If colon cleansing is part of your efforts to detox your body, there are certain side effects of which you should beware. Advertisements for colon cleansing supplements and kits dominate infomercials and Internet sites urging you to purge your body of dangerous “toxins.” But these product can contain certain ingredients — one of which is known to cause bloating, cramps and other symptoms of gastrointestinal distress.
Background and History
Colon cleansing has a riveting history; according to the American Heart Association, or AHA, the ancient Egyptians and Greeks believed in the theory of autointoxication. That is to say, that your bowels are veritable cesspools of poisons that accumulate due to the food that you eat, spreading throughout the rest of your body through your bloodstream. The theory of autointoxication remained prevalent until the early 1900s, when advances in medicine rendered it obsolete. Direct observation of the colon during surgery and autopsies disproved the notion that fecal waste built up in the intestinal walls.
What’s in a Cleanse?
Colon cleansing products, diets and programs can vary, depending on the method you choose. However, a colon cleansing kit typically contains fiber supplements, an herbal support supplement and a laxative tea, says Harvard Medical School. Sometimes an enema is employed as well. These cleansing programs are used on a daily basis for two to three months, or as long as the manufacturer recommends.
According to Mayo Clinic gastroenterologist Michael Picco, fiber supplements are generally used to make your stool soft so that constipation isn’t an issue. Bloating is a common side effect of taking fiber supplements — as well as gas and abdominal pain. Eating a lot of fiber-loaded foods, such as baked beans, cabbage, broccoli, cabbage, cauliflower, apples, peaches and pears, also has the same effect. But fiber supplements can also hinder your body’s ability to absorb the medications you take and decrease blood sugar levels. When taken without drinking plenty of water, fiber can actually cause you to become more constipated. Additional dangers associated with colon cleansing when combined with fasting detox diets include dehydration and electrolyte imbalance, cautions Harvard Medical School. A colon cleanse can even prevent your bowels from functioning normally.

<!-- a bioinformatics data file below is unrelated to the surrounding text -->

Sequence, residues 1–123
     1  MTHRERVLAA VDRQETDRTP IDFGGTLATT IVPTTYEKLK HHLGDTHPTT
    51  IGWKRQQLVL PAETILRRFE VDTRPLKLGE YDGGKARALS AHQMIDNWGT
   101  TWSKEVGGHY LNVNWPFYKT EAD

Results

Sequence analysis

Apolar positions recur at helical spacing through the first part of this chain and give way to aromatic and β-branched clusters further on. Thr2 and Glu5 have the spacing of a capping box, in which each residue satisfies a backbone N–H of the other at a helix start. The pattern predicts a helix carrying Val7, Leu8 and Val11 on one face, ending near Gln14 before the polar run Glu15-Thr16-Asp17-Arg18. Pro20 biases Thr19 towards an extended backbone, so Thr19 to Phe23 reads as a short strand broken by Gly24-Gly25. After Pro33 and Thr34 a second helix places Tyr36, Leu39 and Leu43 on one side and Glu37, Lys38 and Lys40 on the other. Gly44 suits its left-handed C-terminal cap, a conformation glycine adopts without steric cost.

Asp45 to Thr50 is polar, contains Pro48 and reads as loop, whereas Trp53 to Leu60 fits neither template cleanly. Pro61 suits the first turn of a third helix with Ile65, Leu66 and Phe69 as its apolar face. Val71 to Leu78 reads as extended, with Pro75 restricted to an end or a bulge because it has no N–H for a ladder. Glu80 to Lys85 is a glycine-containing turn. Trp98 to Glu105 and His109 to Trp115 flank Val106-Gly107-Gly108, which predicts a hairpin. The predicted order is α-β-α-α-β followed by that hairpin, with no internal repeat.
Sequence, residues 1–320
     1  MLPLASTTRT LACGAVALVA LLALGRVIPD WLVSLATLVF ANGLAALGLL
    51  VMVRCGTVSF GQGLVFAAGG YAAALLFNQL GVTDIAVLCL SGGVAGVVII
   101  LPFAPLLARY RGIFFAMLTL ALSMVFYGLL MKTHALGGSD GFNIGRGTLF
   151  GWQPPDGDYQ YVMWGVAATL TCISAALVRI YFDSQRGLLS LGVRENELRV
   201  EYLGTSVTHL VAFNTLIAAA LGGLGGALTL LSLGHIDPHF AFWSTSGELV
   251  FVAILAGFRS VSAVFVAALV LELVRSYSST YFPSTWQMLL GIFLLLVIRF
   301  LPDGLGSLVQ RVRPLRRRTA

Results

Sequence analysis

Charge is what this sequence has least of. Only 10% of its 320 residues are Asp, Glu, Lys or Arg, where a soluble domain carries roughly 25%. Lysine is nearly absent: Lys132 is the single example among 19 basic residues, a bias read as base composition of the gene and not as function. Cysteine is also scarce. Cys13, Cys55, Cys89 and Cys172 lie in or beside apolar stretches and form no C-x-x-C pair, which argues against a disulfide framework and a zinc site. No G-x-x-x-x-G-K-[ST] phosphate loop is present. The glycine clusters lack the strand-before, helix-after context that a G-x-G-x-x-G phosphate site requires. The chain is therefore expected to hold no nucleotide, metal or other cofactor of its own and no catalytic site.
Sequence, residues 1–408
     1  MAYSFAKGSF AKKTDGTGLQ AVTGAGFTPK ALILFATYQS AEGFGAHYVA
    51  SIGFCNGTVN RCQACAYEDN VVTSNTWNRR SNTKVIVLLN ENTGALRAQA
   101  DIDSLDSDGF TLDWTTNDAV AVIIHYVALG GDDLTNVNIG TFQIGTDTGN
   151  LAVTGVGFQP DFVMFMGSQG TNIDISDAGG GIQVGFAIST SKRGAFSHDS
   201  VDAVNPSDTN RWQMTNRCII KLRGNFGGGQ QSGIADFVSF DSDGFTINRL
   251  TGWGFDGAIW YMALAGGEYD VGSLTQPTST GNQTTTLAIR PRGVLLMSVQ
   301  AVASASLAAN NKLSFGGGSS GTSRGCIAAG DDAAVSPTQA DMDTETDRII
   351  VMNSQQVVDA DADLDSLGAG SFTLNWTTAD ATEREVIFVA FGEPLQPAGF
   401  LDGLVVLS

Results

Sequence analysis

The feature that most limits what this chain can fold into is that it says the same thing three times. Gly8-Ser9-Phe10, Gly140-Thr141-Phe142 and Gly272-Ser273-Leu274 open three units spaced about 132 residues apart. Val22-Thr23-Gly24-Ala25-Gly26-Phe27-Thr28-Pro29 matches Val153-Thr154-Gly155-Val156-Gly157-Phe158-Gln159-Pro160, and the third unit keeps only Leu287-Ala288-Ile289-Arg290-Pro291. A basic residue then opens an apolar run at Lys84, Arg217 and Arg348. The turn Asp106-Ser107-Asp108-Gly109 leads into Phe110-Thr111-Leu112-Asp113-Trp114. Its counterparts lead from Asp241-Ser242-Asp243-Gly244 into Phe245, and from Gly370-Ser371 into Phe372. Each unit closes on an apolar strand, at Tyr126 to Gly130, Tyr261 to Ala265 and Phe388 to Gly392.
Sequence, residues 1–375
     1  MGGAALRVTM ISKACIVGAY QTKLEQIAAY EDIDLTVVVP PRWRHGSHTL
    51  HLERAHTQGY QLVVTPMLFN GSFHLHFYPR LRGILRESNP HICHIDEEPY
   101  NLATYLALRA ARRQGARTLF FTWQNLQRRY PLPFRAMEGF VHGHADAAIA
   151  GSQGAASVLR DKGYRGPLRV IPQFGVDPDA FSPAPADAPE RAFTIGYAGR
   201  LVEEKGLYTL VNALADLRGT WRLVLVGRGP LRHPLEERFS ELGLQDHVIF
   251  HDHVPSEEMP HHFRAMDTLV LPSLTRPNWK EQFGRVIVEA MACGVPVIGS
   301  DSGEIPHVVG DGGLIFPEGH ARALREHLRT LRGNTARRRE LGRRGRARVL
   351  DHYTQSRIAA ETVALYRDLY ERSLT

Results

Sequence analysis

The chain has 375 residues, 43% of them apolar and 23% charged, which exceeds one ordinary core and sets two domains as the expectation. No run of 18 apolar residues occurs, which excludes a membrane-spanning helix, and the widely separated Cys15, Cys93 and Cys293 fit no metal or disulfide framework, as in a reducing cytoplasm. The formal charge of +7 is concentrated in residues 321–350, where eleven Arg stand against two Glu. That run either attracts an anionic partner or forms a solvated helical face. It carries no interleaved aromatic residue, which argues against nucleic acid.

Need to Cleanse?
So strong was ancient Egyptians’ fear of bowel waste, they ritually purged, using natural laxatives and enemas to hasten mother nature along. But a healthy colon functions quite well without the need for cleansing products, absorbing the nutrients you need and discarding waste you don’t. According to Harvard Medical School, there’s no scientific evidence to suggest that colon cleansing is beneficial for you in any way. Moreover, pictures you see in advertisements for colon cleansing products can be misleading, depicting long, serpentine fecal matter — likely the end result of consuming fiber in excess amounts.
Contrary to what proponents of colon cleansing claim, you don’t need to have a bowel movement every day to be in good health. If you have fewer than three bowel movements a week and your stools are hard, dry and difficult to pass, you may suffer from a bout of constipation. Instead of trying a colon cleanse, MayoClinic.com suggests simply boosting the fiber in your diet, drinking lots of water and getting regular exercise. Talk to your doctor before using fiber supplements on a daily basis.